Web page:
The Last Wave – A Culturally Appropriated Classic

The Last Wave is a 1977 effort stemming from the extremely capable hands of famed film director Peter Weir, whose films before and since include Picnic at Hanging Rock (1975) Witness (1985) The Truman Show (1998) and many more.  

Starring Beverly Hills born Richard Chamberlain, who played the original Jason Bourne in 1988, The Last Wave follows David Burton (Chamberlain) A Sydney lawyer defends five First Nations Persons after a ritualized taboo murder and in the process learns disturbing things about himself and premonitions. Among these characters is Chris Lee (David Gulpilil), a ‘tribal Aborigine’ who helps David understand what he’s going through.  

The Last Wave is what I would call, overall, an Australian classic. Peter Weir creates a great atmosphere, he derives fantastic performances from his cast and gets the best out of cinematographer Russel Boyd. The script, coming from Tony Morphett, Petru Popescu and Weir himself, provides good pacing.  

Remarkably, the script is also quite respectful of Aboriginal people. It speaks of massacres, turning First nations lives upside down, land theft and more. It’s only derogatory comment coming from a police officer, intended to be seen as an undesirable character. 

In contrast, Road Games, an Australian thriller from the same era (1981) which also utilized an international cast, did not speak of First Nations people at all, but did depict racism through its choice of shots. In one scene, inside a very Australian-centric roadhouse has a mural of a brutal massacre of Aboriginal people on its wall, while in another there are derogatory terms written on the wall.  

Ironically, Road Games American stars Stacy Keach and Jamie-Lee Curtis were not treated well by the Australian crew, who accused them of coming to Australia and taking their jobs. 

Despite its obvious qualities, The Last Wave does become problematic in one area.  

Cultural Appropriation.  

So, what is ‘cultural appropriation’? 

To keep it simple and quote Oxford Dictionaries, which only put the phrase into its official lexicon in 2017, cultural appropriation is “the unacknowledged or inappropriate adoption of the customs, practices, ideas, etc. of one people or society by members of another and typically more dominant people or society.” 

The Last Wave fits this definition perfectly. But how? 

Even in 2021 First Nations people are not a dominant culture in this country, constantly used as a political tool, the constant victims of both Unconscious Bias (75% of Australians hold a negative bias toward First Nations people according to a 2019 ANU study) and plain old racism (just log in to Facebook) while according to another ANU study, to get the same amount of job interviews, First Nations people in Australia must apply for at least 33% more jobs than their non-Indigenous counterparts.  

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So, what must the ’70s have been like? 

Only 3 years prior was the 1967 referendum. A great feat no doubt, but these key moments occurred in the ’70s, meaning that the vote didn’t equate to equality.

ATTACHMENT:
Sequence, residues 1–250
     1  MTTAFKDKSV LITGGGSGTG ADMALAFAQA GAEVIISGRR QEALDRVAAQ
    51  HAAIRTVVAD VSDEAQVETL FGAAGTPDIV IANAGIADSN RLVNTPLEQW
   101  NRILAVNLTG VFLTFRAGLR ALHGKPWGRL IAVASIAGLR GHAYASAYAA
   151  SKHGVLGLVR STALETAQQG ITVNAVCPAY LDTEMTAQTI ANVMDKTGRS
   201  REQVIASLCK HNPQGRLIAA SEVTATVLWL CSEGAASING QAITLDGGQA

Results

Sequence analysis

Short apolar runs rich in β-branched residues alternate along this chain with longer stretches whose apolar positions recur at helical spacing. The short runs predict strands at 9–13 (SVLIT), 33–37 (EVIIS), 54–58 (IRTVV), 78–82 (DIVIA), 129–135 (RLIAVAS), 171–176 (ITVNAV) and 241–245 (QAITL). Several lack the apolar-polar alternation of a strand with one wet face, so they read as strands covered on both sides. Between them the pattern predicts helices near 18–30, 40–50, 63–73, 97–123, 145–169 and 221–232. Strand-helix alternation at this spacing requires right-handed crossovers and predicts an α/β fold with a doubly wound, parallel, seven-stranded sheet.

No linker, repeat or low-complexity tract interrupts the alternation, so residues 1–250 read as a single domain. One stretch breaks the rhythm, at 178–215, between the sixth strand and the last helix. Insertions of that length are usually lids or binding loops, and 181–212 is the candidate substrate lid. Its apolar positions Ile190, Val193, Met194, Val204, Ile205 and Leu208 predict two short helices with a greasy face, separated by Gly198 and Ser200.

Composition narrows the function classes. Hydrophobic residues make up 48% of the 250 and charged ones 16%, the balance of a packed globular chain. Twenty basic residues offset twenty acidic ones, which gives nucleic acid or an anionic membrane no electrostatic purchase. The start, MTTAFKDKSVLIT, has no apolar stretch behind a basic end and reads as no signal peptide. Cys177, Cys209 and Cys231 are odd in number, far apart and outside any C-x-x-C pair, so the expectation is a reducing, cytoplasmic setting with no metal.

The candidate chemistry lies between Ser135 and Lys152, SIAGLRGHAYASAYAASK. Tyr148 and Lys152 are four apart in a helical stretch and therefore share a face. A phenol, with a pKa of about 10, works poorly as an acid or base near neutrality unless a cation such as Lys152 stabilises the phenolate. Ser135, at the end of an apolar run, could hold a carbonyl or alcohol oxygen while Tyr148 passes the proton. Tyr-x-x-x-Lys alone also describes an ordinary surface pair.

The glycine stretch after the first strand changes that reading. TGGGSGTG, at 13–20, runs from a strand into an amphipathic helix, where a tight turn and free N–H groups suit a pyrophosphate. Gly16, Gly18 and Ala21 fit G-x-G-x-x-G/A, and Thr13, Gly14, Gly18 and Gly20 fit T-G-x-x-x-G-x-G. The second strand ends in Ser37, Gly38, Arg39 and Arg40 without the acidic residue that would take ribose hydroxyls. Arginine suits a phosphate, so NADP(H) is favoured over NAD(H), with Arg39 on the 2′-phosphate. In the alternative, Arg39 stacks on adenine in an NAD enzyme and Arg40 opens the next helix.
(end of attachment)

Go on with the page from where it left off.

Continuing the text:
• 1971 – Aboriginal Flag first flown during a land rights march in Adelaide. 
  • 1972 – Tent Embassy is formed on the lawns of Parliament House.  
  • 1973 – Aboriginal Legal Rights Movement is formed in Adelaide. 
  • 1975 – National Aboriginal and Islander Health Organisation (NAIHO) is formed. 
  • 1979 – House of Representatives Standing Committee on Aboriginal Affairs Report Aboriginal Health, States that poor Aboriginal Health is due to low standards of environmental and housing conditions, socio-economic factors and inappropriate health services. 
  • The Stolen Generations continued throughout the ’70s. 

While these key points are positive (aside from the Stolen Generations) they are a sign of the negative landscape that First Nations people were living in, in the ’70s.  

Knowing all that, the fact is that the First Nations people of Australia are battling for basic rights at the same time that non-Indigenous screenwriters, film directors and stars are making a film that is heavily influenced by First Nations people and culture. It also seems to depict what appears to be Mayan styles of artwork in conjunction with creating its own prophecy or dreaming story. 

It is pure cultural appropriation.  

Unfortunately, David Gulpilil’s presence, as well as the other First Nations actors, while significant does not change that. Cultural Appropriation, however, is not something that impacts plot, structure or writing. It’s a conversation about morals and ethics, one that is had outside of what makes a film good or bad.  

Those issues aside, The Last Wave is a well-made fantasy drama.  

Where it fits within Reconciliation is in the respectability given to First Nations people through its dialogue (despite the appropriation) and putting First Nations actors on the big screen alongside someone of Richard Chamberlain’s status. While sadly, most First Nations actors would not go on to do any more acting. 

However, David Gulpilil’s next feature film role would be a small one in The Right Stuff in which he shared screen time with popular American actor Dennis Quaid.  


Written by Travis Akbar